Tag Archive : Cloud

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Enables engineers to focus on improved designs and device reliability while reducing project risk

Keysight Technologies, Inc. (NYSE: KEYS), a leading technology company that helps enterprises, service providers and governments accelerate innovation to connect and secure the world, announced it has expanded the company’s PathWave Software Suite with new and enhanced capabilities. The new PathWave solutions enable engineers to remove computational limitations across the workflow, with cloud processing clusters, to improve designs and device reliability, while reducing project risk.

Design and test engineers are struggling with complexity limitations that require weeks, if not months, of crunching data which can significantly slow the development process and market introduction. Keysight’s PathWave, an open, scalable, and predictive software platform, offers fast and efficient data processing, sharing and analysis at every stage in the product development workflow. Combining design software, instrument control and application-specific test software, it enables engineers to address increasing design, test,

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On this episode Of Scaling Up, March Capital managing partner, Jamie Montgomery and Forbes futurist Rich Karlgaard talk to Bill.com’s founder and CEO, René Lacerte. Bill.com is a fast-growing cloud software company that sells automated payment services for small and medium sized businesses. When we interviewed Lacerte, BILL was worth $8 billion in market cap; today it is $9.12 billion. We talked about fast growth leadership, mentorship secrets, and how Lacerte’s father was a pianist for the late Gram Parsons, even though Lacerte’s father was missing four fingers.

Click below for video.

MORE FROM FORBESPersonal Growth Needs To Be Every CEO’s Top Priority, Says Bill.com’s Rene Lacerte

The following transcript has been edited for clarity and length.

Rich Karlgaard:  René, what was your original mission, how was it progressed, and the fundamental question – why is what you do important to your customers?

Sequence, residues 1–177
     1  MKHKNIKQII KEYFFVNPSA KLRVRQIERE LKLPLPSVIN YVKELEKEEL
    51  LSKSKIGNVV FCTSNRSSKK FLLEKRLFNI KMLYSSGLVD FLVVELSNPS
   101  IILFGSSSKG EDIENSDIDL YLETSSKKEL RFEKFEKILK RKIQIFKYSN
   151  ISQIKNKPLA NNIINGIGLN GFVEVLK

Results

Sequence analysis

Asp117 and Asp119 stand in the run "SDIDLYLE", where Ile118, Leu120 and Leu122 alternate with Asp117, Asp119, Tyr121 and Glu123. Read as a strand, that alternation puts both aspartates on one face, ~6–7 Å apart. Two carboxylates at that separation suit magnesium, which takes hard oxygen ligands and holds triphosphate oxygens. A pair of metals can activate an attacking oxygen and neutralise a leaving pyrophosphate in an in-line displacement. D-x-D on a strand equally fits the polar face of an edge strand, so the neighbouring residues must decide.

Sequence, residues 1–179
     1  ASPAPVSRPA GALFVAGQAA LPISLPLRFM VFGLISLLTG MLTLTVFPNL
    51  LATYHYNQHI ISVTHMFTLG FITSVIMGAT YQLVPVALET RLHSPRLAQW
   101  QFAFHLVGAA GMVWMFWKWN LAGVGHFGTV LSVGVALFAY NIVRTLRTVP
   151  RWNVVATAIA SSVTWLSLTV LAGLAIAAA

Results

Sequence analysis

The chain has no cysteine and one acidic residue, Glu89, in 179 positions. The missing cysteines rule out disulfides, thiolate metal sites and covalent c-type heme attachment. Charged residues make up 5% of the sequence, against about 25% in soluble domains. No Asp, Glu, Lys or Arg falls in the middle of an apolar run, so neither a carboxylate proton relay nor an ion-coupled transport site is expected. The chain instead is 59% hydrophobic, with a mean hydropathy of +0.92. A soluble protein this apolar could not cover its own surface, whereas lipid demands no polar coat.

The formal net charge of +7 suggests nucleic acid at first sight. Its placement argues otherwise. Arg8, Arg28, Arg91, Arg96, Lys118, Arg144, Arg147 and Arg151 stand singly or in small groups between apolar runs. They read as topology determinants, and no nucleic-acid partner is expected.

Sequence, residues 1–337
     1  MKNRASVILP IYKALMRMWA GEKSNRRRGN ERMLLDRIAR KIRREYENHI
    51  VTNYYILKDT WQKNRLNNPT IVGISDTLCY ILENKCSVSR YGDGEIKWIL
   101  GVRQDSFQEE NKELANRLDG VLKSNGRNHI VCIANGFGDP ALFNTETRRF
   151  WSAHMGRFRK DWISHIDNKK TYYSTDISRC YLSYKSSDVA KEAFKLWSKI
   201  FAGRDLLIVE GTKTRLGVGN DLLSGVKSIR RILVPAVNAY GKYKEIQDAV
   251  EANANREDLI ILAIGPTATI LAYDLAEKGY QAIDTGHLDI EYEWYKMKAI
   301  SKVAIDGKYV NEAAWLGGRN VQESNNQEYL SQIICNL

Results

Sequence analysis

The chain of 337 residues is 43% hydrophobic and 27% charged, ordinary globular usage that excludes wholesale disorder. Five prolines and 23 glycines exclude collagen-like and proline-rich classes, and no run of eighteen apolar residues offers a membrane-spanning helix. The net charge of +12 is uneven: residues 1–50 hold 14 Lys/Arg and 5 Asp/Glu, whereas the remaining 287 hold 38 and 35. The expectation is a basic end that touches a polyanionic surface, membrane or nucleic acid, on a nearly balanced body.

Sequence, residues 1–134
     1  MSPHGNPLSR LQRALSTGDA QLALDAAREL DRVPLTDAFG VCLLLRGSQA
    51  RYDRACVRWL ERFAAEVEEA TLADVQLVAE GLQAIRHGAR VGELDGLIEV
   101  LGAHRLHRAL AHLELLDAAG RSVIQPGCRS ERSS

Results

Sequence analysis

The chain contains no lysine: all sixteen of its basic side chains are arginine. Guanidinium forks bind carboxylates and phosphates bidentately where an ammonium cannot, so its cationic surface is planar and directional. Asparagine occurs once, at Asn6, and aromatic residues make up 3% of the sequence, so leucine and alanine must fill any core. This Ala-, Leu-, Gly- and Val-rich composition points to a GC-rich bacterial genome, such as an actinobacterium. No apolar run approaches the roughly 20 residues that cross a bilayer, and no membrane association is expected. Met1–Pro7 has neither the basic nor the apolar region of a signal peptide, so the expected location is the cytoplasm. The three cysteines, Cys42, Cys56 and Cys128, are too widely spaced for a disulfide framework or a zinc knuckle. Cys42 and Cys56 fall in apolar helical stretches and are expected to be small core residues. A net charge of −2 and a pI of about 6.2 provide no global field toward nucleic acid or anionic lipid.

René Lacerte:  We think of

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These days when you found a startup, you don’t go out and buy a rack of servers. And you don’t build an in-house datacenter team. Instead, you farm out your infrastructure needs to the major cloud platforms, namely Amazon AWS, Microsoft Azure and Google Cloud.

That’s all well and good, but over time any startup’s cloud setup will become more complex, varied and perhaps multi-provider. Throw in microservices and one can wind up with a big muddle, and an even bigger bill. That’s the problem that Yotascale wants to attack.

And there’s money backing the startup’s progress, including $13 million in new capital. The round, a Series B, was led by Aydin Senkut at Felicis with participation from other capital pools, including Engineering Capital, Pelion Ventures and Crosslink Capital. Yotascale has now raised $25 million in total.

The funding event caught my eye, as I’ve heard startup CEOs discuss their

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Google Cloud kicks out Proud Boys websites

October 10, 2020 | technology | No Comments

Proud Boys

Image: ZDNet

Proud Boys, a far-right neo-fascist extremist group, has been kicked off Google Cloud on Thursday, and the organization has had to move its official website and online store to a new web host.

Google’s decision came after intense lobbying from Color Of Change, one of the largest racial justice organizations in the US.

“Google’s recent actions to block the Proud Boys website and online store is a welcome response to persistent demands from Color Of Change and our allies,” said Color of Change President Rashad Robinson.

“Following years of pressure, the company successfully got a Google Cloud Services customer hosting the Proud Boys’ website to remove the violent hate group’s online pages. This progress is important, but now we call on Google’s peers to follow suit.”

But the Proud Boys websites haven’t been offline for long. The official site and online store were moved to a new web

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FILE PHOTO: A banner for communications software provider Twilio Inc., hangs on the facade of the New York Stock Exchange (NYSE) to celebrate the company’s IPO in New York City, U.S., June 23, 2016. REUTERS/Brendan McDermid

(Reuters) – Cloud communications platform provider Twilio Inc TWLO.N plans to buy customer data infrastructure company Segment for $3.2 billion, Forbes reported on Friday.

The deal, which had not been finalized as of Friday afternoon, was expected to be at least partially based on Twilio stock, the report added, citing two sources it did not name.

San Francisco-based Segment has recently been open to acquisition offers, according to the report.

Twilio declined to comment to Reuters. Segment was not immediately available for comment outside regular business hours.